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Dissecting Our Wordnik Developer Site

by Tony Tam  |  Posted March 14, 2013

wordnikapi_logo

To those familiar with the Wordnik developer site, it looks unchanged. There’s a section for code libraries to connect to our API, examples of applications using the API, and of course the Swagger Sandbox. Functional, simple, and easy to navigate.

But just the other day, the site was totally rewritten in HTML, CSS, and Scala. And the lines of code dropped to 1/10th what they were before. What’s the deal? And what makes it so much snappier now?

We’ve updated the site to follow an emerging web architecture called a Single Page Application, or SPA, which allows the browser to serve all display and rendering logic. The UI, via JavaScript, has plenty of power to decide what to show the user, and keep state as needed. The HTML is more semantic – meaning the layout follows the content more than the display logic (no more <table> overuse!) and CSS can respond to media queries, meaning small-form devices or different screen layouts can switch rendering templates without reprocessing data on the server.

As an added benefit, the consumer (your ultimate judge) gets a snappier, lighter weight experience which can even work offline. Sounds great, right? So how is this done?

If you view source on the developer site, you’ll see that it’s pretty much empty. Aside from some JavaScript and CSS files, there are just a few <div> elements which serve as basic containers for the application: a header, a content section, and a footer.

site-source

As the page loads, the JavaScript will call the API server (powered by Scalatra) and load a chunk of data. You can see that happen in the chrome’s network panel. Once that data is received, it’s inserted into the DOM under the header div. Let’s look at that more.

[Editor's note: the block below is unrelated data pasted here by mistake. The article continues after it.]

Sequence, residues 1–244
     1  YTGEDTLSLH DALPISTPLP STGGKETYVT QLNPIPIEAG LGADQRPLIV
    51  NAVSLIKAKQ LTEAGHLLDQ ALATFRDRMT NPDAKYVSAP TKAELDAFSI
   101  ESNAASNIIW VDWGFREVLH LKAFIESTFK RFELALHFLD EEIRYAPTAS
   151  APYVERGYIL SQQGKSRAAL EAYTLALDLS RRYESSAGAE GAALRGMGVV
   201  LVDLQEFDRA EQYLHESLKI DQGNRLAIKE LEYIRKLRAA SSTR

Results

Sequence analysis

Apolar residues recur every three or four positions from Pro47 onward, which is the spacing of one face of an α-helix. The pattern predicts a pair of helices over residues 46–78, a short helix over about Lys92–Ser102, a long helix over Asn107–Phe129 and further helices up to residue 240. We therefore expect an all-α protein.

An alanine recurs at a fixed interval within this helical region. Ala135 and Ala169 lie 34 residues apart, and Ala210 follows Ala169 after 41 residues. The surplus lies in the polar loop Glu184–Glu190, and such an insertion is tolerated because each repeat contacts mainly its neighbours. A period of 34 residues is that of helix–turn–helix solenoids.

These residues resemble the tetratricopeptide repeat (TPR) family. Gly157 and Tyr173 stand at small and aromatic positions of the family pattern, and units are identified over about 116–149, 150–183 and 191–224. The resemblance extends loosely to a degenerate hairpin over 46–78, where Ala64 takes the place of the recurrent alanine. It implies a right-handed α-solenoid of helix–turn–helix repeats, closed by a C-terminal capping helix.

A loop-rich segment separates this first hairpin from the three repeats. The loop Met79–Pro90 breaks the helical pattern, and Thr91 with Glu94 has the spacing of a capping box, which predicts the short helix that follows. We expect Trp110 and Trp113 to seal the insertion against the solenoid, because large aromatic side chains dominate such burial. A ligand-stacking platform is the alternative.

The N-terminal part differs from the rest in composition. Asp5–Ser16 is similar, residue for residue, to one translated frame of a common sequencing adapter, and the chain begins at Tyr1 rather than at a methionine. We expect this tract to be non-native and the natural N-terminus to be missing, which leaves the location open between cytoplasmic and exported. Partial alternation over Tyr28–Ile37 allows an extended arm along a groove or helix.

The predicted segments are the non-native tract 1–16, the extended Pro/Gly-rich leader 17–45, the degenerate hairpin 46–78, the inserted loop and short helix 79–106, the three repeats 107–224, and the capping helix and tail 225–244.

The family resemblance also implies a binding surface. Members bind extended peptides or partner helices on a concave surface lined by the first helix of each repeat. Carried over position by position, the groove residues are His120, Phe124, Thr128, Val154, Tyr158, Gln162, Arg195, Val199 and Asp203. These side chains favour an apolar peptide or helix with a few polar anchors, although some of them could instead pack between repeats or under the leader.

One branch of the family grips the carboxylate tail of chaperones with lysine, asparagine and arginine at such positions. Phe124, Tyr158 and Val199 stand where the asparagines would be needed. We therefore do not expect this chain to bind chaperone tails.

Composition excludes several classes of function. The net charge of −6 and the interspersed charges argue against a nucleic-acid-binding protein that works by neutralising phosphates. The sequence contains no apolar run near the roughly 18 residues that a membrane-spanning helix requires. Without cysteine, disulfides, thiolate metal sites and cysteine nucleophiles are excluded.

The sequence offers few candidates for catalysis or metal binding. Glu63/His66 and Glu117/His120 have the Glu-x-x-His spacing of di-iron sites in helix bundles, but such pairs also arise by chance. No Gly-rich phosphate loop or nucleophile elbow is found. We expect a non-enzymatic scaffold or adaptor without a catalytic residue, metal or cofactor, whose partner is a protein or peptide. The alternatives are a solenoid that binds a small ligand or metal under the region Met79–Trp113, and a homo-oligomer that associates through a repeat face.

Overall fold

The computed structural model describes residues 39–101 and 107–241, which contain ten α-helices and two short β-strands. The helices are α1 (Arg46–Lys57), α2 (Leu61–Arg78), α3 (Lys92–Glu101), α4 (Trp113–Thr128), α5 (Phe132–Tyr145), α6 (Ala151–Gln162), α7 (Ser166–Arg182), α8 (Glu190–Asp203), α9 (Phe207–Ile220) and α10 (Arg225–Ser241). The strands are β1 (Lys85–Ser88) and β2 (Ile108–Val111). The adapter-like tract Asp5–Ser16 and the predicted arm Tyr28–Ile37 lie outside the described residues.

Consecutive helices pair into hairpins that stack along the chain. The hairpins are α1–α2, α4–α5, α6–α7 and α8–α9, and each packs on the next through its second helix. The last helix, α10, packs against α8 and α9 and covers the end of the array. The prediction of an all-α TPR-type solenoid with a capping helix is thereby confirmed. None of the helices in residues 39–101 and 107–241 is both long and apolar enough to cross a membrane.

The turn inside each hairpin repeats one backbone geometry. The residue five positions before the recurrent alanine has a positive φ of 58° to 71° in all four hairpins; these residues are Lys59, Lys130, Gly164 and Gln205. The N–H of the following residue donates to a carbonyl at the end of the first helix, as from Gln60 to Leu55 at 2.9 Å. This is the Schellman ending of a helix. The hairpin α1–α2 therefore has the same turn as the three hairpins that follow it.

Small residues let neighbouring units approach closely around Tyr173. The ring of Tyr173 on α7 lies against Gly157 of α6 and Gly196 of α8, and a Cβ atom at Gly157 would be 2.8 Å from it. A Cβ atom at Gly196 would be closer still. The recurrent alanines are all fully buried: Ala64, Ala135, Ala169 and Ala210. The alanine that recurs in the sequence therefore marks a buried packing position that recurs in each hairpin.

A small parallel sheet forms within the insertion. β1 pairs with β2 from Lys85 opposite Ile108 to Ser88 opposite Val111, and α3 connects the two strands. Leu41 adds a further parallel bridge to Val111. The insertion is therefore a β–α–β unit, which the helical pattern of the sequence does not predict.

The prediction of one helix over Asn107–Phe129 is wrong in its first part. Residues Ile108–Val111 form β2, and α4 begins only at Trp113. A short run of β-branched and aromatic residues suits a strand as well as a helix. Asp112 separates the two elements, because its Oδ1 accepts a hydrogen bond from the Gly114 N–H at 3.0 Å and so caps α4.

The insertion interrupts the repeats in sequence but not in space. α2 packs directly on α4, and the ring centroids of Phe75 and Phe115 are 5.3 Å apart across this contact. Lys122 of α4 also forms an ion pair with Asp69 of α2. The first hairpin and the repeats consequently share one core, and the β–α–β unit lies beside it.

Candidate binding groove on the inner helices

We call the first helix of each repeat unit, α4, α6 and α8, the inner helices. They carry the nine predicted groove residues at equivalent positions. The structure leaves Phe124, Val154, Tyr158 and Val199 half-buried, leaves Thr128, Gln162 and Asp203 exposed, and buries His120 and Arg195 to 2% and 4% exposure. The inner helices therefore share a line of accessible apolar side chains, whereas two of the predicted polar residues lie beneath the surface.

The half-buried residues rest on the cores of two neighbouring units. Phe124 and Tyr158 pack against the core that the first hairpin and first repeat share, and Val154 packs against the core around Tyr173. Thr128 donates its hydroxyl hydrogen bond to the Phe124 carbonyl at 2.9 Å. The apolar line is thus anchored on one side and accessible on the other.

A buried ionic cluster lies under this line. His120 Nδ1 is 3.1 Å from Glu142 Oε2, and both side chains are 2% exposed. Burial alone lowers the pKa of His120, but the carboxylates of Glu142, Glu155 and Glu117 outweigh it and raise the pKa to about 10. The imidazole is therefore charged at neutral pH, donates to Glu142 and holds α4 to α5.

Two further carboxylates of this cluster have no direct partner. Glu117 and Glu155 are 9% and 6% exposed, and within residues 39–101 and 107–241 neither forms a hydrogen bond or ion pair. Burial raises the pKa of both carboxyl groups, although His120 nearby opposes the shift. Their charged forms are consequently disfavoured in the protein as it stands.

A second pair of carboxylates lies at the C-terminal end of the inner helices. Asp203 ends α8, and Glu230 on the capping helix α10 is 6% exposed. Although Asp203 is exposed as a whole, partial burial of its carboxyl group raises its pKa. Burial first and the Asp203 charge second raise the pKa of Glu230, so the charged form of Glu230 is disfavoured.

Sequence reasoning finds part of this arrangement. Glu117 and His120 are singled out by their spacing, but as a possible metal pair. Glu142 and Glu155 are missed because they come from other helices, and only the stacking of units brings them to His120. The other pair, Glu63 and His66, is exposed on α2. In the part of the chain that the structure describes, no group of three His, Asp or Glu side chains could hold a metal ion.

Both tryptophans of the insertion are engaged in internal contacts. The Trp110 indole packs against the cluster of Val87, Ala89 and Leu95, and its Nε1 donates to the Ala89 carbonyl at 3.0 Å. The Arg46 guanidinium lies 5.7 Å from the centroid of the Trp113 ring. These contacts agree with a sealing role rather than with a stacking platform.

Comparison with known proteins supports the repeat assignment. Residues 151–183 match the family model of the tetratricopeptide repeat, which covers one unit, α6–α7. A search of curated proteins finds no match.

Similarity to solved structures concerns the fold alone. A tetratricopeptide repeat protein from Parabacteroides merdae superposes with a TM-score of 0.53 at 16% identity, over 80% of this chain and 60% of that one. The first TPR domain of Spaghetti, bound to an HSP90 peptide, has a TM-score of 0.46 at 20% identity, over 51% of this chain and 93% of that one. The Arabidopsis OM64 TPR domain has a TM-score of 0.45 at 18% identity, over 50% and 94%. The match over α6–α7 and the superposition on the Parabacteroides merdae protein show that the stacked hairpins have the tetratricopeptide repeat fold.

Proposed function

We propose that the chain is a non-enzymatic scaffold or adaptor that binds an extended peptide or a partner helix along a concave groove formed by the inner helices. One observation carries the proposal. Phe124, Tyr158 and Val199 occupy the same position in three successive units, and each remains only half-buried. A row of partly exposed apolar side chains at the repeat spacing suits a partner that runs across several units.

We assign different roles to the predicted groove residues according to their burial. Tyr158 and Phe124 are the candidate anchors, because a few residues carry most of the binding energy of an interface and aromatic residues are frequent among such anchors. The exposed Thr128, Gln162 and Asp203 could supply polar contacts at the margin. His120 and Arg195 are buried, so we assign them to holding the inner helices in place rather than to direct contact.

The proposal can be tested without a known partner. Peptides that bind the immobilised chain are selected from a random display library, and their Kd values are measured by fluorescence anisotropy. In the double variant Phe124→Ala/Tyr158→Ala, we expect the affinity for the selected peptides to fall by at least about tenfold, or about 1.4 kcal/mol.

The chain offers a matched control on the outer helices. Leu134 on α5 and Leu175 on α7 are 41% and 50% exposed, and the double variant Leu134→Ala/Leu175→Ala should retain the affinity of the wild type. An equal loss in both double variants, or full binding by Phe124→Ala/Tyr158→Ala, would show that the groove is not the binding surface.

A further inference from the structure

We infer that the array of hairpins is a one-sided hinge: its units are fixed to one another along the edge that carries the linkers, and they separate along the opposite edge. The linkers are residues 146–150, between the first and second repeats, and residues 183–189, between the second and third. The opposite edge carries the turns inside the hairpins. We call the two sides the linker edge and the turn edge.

xml-source

Note here, the response from the API server is HTML, not JSON. Why is that? Well, we’re keeping the client-side rendering as light-weight as possible. The server is extremely good at efficient generation of XML. The client, however, has to keep state of the DOM during manipulation (there are tricks to lessen this burden, of course), plus this header almost never changes.

So why bother put in the rendering logic on the client? All that’s required is a simple call to `load` the content into the DOM:

js-inject

Same goes for other sections. We’re simply removing and replacing entire DOM elements – big ones – with pre-computed, rendered HTML. No fancy JavaScript is required for this part of the site, and the entire client-side code including comments is only 142 lines before minification. There’s really not a whole lot to go wrong in that code.

The server is just as simple to write. Using Scalatra, we simply generate XML and send it over an HTTP get call.

A trait defining the header, in XML:
common

Mixing in the trait into a singleton object:
server-service

Finally, the GET method to support the request for the header HTML:
scalatra-api

Of course, backing the XML generation with a database call, fancy logic, etc. is trivial. As you might guess, the code to generate this site, both client and server, should be tiny. And it is – in fact, the server codebase to generate developer.wordnik.com was cut down to 1/5th the original size, while the templates, JavaScript, and CSS were cut to 1/20th the old implementation.

Now for a simple site like developer.wordnik.com, do you need to do fancy techniques like this? Of course not, but we’re developers, and what better place to show what we consider to be best practices than our developer site, right?

Filed under: api, scala | Permalink | 2 Comments

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